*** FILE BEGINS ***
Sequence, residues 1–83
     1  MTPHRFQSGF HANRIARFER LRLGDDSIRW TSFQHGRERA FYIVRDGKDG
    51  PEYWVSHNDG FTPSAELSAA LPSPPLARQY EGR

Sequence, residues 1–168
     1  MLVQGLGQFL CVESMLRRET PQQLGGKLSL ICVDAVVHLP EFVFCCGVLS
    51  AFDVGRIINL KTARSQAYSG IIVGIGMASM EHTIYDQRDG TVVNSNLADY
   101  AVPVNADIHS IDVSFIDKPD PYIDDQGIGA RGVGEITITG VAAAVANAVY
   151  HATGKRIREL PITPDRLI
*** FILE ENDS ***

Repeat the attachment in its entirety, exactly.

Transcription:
Sequence, residues 1–83
     1  MTPHRFQSGF HANRIARFER LRLGDDSIRW TSFQHGRERA FYIVRDGKDG
    51  PEYWVSHNDG FTPSAELSAA LPSPPLARQY EGR

Sequence, residues 1–168
     1  MLVQGLGQFL CVESMLRRET PQQLGGKLSL ICVDAVVHLP EFVFCCGVLS
    51  AFDVGRIINL KTARSQAYSG IIVGIGMASM EHTIYDQRDG TVVNSNLADY
   101  AVPVNADIHS IDVSFIDKPD PYIDDQGIGA RGVGEITITG VAAAVANAVY
   151  HATGKRIREL PITPDRLI